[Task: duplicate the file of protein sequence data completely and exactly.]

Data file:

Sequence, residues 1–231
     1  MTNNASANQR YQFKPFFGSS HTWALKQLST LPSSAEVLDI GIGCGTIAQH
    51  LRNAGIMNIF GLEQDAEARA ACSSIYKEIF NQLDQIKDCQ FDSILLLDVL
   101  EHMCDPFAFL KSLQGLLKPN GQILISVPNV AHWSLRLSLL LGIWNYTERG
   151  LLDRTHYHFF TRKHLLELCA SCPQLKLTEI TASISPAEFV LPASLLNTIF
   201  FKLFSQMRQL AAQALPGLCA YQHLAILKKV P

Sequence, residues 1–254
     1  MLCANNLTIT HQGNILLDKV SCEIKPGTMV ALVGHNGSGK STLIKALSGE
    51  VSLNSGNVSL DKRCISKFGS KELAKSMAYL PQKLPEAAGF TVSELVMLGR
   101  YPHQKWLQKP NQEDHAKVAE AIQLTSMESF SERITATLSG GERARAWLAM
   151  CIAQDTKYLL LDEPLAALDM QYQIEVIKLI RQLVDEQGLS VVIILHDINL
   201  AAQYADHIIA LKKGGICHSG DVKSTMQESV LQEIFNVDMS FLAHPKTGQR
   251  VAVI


Sequence, residues 1–231
     1  MTNNASANQR YQFKPFFGSS HTWALKQLST LPSSAEVLDI GIGCGTIAQH
    51  LRNAGIMNIF GLEQDAEARA ACSSIYKEIF NQLDQIKDCQ FDSILLLDVL
   101  EHMCDPFAFL KSLQGLLKPN GQILISVPNV AHWSLRLSLL LGIWNYTERG
   151  LLDRTHYHFF TRKHLLELCA SCPQLKLTEI TASISPAEFV LPASLLNTIF
   201  FKLFSQMRQL AAQALPGLCA YQHLAILKKV P

Sequence, residues 1–254
     1  MLCANNLTIT HQGNILLDKV SCEIKPGTMV ALVGHNGSGK STLIKALSGE
    51  VSLNSGNVSL DKRCISKFGS KELAKSMAYL PQKLPEAAGF TVSELVMLGR
   101  YPHQKWLQKP NQEDHAKVAE AIQLTSMESF SERITATLSG GERARAWLAM
   151  CIAQDTKYLL LDEPLAALDM QYQIEVIKLI RQLVDEQGLS VVIILHDINL
   201  AAQYADHIIA LKKGGICHSG DVKSTMQESV LQEIFNVDMS FLAHPKTGQR
   251  VAVI